Black-crested Titmouse. Canon 1DsMkII | 500/4.5 | f 5.6 | ISO 200

Black-crested Titmouse. Canon 1DsMkII | 500/4.5 | f 5.6 | ISO 200

Yellow Sunflower: Flowering Plants Category.

Yellow Sunflower: Flowering Plants Category.

Canon 7D | 50/1.8 @ f18 | 30 sec exposure | ISO 200

Canon 7D | 50/1.8 @ f18 | 30 sec exposure | ISO 200

Butterfly. Canon 1DMkII | 135/2.0 + extension tube

Butterfly. Canon 1DMkII | 135/2.0 + extension tube

House Sparrow. Canon 1DsMkII | 500/4.5 | f5 | ISO 200

House Sparrow. Canon 1DsMkII | 500/4.5 | f5 | ISO 200

White-winged Dove. Canon 1DsMkII | 500/4.5 | f 6.3 | ISO 200

White-winged Dove. Canon 1DsMkII | 500/4.5 | f 6.3 | ISO 200

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ImageSpotlight: More Hummingbirds

Ruby-throated Hummingbird. Canon 7D | ISO 400 | 70-200/2.8 @ 200mm | f14 | 1/160

Ruby-throated Hummingbird. Canon 7D | ISO 400 | 70-200/2.8 @ 200mm | f14 | 1/160

 

Ruby-throated Hummingbird. Canon 7D | 70-200/2.8 @ 200mm | ISO 400 | f14 | 1/160

Ruby-throated Hummingbird. Canon 7D | 70-200/2.8 @ 200mm | ISO 400 | f14 | 1/160

I’ll keep this post short. I do not know how much longer these hummingbirds will be here before migrating but I suspect a week or two at most. I think the males have already migrated as I’ve seen nothing but females at my feeder. Anyway, I’ve been enjoying them and working on my setups to improve my hummingbird photography. These were today’s best so I thought I’d share with everyone. Until next time, good light and keep shooting. –KEVIN

Ruby-throated Hummingbird. Canon 7D | 70-200/2.8 @ 200mm | ISO 400 | f14 | 1/160

Ruby-throated Hummingbird. Canon 7D | 70-200/2.8 @ 200mm | ISO 400 | f14 | 1/160

ImageSpotlight: Great Kiskadee

Great Kiskadee. Canon 7D | 500/4.5 @ f7.1 | ISO 400 | 1/2000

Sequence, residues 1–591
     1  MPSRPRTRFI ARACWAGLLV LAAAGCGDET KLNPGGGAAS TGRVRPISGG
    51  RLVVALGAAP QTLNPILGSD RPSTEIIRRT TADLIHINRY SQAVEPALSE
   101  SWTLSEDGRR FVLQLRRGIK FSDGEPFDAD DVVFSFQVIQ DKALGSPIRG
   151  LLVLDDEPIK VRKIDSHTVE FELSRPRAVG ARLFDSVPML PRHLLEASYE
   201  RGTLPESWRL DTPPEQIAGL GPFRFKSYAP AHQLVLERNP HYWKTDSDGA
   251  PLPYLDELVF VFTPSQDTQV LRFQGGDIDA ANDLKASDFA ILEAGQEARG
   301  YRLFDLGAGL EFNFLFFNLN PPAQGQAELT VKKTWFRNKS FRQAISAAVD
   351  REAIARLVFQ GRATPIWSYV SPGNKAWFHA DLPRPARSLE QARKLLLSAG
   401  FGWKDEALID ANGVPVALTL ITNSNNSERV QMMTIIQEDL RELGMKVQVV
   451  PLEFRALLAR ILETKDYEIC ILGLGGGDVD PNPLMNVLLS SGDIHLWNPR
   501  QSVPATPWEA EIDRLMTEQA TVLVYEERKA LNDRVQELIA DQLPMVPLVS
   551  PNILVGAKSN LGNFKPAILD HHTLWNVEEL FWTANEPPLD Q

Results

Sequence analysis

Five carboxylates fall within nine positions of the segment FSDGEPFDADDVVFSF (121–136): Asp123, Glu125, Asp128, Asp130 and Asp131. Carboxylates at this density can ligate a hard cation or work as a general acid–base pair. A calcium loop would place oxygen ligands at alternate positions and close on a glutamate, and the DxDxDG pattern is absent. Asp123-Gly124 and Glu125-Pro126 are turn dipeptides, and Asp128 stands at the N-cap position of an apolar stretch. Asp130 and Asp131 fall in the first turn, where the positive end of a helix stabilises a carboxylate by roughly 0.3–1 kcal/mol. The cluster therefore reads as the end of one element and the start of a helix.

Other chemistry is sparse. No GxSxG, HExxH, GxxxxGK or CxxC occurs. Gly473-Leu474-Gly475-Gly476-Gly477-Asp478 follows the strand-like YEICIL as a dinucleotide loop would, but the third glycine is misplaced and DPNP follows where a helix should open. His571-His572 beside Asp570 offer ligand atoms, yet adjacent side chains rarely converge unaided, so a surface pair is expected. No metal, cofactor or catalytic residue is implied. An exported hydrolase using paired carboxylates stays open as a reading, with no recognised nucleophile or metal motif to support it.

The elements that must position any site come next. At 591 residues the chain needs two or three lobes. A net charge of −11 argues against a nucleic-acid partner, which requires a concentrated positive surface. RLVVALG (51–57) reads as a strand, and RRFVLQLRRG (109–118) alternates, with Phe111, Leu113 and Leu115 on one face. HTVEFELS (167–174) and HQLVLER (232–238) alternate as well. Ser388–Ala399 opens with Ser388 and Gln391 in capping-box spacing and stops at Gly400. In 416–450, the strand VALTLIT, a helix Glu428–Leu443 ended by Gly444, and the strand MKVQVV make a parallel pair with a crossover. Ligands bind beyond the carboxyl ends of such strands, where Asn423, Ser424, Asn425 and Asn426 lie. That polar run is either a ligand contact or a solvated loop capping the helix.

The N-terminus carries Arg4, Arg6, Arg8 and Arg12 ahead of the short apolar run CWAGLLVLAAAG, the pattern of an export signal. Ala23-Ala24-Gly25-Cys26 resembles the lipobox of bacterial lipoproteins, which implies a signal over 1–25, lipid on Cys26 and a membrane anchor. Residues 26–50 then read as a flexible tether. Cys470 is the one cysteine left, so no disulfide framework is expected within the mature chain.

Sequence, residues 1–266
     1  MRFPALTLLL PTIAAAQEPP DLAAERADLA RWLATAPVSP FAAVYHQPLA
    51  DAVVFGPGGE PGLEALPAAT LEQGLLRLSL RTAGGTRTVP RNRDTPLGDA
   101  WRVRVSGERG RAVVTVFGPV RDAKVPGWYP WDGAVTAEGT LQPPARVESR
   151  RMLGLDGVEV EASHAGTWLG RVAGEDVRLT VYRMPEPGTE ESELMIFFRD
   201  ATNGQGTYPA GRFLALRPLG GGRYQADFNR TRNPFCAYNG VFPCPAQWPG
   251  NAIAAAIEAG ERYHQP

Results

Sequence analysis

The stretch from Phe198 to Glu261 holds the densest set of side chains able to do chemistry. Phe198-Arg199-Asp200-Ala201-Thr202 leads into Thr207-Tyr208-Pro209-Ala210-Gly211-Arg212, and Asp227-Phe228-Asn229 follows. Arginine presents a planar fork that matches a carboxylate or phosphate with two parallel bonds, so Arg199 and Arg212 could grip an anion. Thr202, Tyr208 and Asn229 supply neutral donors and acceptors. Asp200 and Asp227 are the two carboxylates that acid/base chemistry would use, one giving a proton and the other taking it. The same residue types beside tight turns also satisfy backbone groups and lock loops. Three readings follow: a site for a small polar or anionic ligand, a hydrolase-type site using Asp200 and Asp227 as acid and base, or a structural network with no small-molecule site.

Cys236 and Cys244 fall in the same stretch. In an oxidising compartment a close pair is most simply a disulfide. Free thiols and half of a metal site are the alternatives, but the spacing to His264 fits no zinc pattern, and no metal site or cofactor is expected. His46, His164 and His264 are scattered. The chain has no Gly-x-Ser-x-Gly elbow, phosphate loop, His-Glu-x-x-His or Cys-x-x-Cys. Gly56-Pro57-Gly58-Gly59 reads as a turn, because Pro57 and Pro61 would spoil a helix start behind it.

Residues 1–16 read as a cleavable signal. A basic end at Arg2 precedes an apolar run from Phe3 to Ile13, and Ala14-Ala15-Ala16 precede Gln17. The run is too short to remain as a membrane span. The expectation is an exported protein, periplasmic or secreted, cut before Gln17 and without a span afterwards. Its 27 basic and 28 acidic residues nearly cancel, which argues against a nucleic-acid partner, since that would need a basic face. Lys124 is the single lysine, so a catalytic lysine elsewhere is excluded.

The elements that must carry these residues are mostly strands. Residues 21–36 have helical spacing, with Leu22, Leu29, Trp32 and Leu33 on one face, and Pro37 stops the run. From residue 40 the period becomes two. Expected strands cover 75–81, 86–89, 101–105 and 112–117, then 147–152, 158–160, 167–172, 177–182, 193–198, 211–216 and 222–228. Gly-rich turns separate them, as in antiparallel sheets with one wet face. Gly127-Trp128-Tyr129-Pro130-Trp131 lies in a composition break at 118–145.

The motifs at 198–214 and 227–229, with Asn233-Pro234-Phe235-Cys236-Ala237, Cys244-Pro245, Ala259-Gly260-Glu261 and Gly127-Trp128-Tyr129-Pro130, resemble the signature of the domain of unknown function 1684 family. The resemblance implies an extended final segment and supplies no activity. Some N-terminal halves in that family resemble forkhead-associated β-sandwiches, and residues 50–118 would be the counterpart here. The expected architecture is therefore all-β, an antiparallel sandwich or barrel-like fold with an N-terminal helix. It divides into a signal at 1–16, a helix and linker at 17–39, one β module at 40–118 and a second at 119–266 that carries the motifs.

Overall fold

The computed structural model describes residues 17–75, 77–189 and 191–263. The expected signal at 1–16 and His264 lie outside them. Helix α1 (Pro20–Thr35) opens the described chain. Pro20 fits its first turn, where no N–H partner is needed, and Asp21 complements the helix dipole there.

Great Kiskadee. Canon 7D | 500/4.5 @ f7.1 | ISO 400 | 1/2000

Here is another image from my recent visit to South Texas. I frequented one of my old shooting locations (Estero Llano Grande State Park), where I captured the dueling ducks in a prior post. As I was surveying one particular pond from an observation deck, this kiskadee landed on a log in front of me, quickly swooped down on the water, snagged a frog, and flew off. It was great action but I did not act quick enough. A few minutes later he would return and this time I would be ready.

How I got the shot:

In order to get this shot, I needed a fast shutter speed and a decent depth of field. I typically shoot at around f7.1 to f8 for my wildlife/bird images, adjusting up or down depending on the conditions. I shoot a Canon 7D and while I will bump the ISO to 640 or 800 on occasion, I do not like to go above ISO400, which is the setting I was using on this day because I had great light. Given the lighting conditions, I could achieve a shutter speed of 1/2000 or better with my desired f-stop and ISO. With the bird surveying the pond from its perch, I had to make a decision as to where I believed his flight path would be once he took off. I noticed he was scanning the pond to his right, which was where he had snagged a frog earlier. I focused my image on the bird, switched the lens to manual mode, and recomposed the shot to the right (no bird in the image). How far to the right is a function of lady luck as I’ve often done this and had missing body parts. Once recomposed, I put my finger on the shutter. When the bird moved, I pressed and held the shutter down. To my good fortune, this was the result.

Until next time, good light and keep shooting. –KEVIN